See, the thing about Scheme is, it's really (really REALLY) nice for syntax extensions. Scheme is minimalist in the sense that it gives you very little to work with in the package - but maximalist in the sense that what it gives you to work with are high-powered precision tools. It can do (pretty much) anything, just that you might have to build some of what you want to do yourself. In particular, what Scheme has that helps with implementing a language like Mini-Kanren are macros. These allow you - literally - to extend the syntax of the language at low cost. So it isn't really a problem to implement other languages in Scheme - particularly simple languages of streamlined concept like Mini-Kanren. What sucks is that few other programming languages give you these tools in the box. So all the help that Friedman, Oleg and Will had from Scheme getting the base version of Mini-Kanren up and running is unavailable to us for this assignment. And that, of course, is where the challenge comes in. We have to work up a sweat for this one - because we're tested not just on our ability to replicate what was done in class, but in this case how well we actually understood it - because we're applying the knowledge in a completely new environment. It's actually the perfect final for this class. But that doesn't make me any happier about having to do it.

Actually, I'm kidding. I'm ecstatic about doing it. (What I'm NOT happy about is that we apparently have a regular homework assignment due this weekend anyway, and I could really use a break - not the least because I need to get to work on this Mini-Kanren implementation...).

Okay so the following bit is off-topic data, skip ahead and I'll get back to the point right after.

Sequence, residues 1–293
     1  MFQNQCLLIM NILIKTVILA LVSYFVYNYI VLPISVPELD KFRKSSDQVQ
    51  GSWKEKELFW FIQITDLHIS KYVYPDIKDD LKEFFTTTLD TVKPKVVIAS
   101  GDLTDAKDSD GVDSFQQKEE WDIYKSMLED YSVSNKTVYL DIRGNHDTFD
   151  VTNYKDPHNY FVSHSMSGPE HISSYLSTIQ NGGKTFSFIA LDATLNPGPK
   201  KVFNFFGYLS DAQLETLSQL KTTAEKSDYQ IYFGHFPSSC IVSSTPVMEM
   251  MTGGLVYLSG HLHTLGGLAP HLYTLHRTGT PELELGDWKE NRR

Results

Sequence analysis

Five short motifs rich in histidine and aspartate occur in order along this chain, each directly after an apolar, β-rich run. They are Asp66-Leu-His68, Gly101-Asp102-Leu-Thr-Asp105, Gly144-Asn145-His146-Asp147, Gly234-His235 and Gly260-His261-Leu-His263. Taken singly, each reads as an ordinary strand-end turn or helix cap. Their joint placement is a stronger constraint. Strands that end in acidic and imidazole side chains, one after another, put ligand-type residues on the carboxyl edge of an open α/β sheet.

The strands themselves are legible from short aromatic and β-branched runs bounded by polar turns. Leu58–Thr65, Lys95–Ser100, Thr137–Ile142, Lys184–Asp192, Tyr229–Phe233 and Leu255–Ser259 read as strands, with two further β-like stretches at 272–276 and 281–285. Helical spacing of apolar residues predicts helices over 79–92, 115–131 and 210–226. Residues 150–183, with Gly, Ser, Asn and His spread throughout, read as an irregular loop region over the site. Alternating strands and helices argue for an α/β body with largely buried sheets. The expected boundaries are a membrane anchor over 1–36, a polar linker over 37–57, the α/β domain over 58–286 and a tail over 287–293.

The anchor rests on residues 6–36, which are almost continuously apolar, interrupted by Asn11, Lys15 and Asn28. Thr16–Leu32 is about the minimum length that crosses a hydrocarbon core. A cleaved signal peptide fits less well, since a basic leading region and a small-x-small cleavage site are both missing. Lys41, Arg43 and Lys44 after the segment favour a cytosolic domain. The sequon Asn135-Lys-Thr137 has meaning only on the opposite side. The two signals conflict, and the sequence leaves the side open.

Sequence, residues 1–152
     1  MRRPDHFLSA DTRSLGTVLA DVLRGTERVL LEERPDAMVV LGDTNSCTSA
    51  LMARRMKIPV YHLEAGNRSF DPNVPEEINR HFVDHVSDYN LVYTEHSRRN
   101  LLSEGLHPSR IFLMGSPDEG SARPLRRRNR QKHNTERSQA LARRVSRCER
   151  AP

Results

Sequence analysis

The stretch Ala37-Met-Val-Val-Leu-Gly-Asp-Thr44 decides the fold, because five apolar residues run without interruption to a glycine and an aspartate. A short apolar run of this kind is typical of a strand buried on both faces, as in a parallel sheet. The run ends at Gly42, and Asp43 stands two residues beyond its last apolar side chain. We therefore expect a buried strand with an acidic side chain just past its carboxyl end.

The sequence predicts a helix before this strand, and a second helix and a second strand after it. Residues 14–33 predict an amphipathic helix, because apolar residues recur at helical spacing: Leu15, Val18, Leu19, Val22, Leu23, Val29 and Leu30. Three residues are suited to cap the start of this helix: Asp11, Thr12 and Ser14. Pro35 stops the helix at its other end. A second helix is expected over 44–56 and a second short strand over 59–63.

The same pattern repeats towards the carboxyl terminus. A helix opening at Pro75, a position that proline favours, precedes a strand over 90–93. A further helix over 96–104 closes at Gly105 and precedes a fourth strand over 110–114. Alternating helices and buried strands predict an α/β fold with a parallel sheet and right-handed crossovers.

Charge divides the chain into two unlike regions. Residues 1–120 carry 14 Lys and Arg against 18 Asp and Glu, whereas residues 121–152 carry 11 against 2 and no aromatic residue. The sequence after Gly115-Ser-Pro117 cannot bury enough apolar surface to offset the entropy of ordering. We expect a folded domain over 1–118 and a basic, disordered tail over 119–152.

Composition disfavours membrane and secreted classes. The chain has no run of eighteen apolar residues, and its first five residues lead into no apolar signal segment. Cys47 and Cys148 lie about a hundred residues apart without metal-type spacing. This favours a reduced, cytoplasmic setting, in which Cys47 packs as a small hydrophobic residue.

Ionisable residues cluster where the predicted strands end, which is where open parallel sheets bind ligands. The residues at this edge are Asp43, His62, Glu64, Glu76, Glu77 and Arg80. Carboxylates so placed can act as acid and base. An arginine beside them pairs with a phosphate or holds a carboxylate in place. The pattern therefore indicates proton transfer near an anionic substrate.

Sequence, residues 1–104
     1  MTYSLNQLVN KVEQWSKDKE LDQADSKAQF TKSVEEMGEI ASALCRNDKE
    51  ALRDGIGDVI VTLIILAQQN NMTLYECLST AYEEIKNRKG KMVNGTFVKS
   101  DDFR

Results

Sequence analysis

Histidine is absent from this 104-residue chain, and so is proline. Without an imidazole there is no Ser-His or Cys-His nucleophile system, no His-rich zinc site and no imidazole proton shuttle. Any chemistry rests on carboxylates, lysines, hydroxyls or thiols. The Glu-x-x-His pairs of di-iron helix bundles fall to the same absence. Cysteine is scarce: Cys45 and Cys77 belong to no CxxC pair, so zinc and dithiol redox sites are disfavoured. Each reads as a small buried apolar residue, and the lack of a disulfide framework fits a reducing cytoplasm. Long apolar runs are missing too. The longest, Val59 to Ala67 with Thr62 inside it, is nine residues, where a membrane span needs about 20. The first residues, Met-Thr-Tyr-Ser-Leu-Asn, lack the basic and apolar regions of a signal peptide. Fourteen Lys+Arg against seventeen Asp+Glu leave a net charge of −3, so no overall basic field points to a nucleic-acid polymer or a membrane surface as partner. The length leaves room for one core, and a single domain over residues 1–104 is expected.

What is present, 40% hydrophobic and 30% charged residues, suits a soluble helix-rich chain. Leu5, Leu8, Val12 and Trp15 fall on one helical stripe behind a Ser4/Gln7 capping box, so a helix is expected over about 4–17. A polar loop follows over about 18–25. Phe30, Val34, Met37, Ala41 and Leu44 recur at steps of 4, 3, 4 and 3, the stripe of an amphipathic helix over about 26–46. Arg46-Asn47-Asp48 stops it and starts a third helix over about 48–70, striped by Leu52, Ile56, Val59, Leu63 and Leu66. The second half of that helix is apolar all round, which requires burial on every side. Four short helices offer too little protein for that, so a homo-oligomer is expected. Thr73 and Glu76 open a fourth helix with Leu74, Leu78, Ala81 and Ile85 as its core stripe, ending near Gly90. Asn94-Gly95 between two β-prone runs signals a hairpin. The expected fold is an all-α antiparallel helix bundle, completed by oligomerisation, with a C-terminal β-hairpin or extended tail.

I quickly put dibs on Ruby, a programming language I'm really interested in, have learned, but haven't ever really gotten my hands dirty with. The assignment says that no two people can use the same PL (unless it just so happens that certain people don't have programming experience outside of their One Favorite Language and that turns out to be the same for two people in the class or something), hence my haste (Ruby is sort of trendy these days, so I'm sure someone else would have thought to do it). Of course, the cop-out thing to do is to use a language like Haskell that is similar to Scheme in key ways (in this case: in terms of having lazy evaluation built in, so the infinite recursive features - i.e. the stuff that makes it possible for Mini-Kanren to generate infinite numbers of answers - come easy. Also, Haskell is also a functional language, so the translation from Scheme would be trivial). The badass thing to do is to use a language like Fortran or BASIC which only has very very primitive near-machine-level instructions. I actually was planning to do it in Fortran just to show off, but (fortunately!) Friedman then added that the only other restriction on languages was that the langauge in question must come equipped with a garbage collector. That rules out Fortran (at least, it rules out Fortran77, the version that I would have used) because the only garbage collection I know that's available for g77 - the "standard" home use Fortran77 compiler - is just a collection of homebuilt tools. The language itself doesn't have it.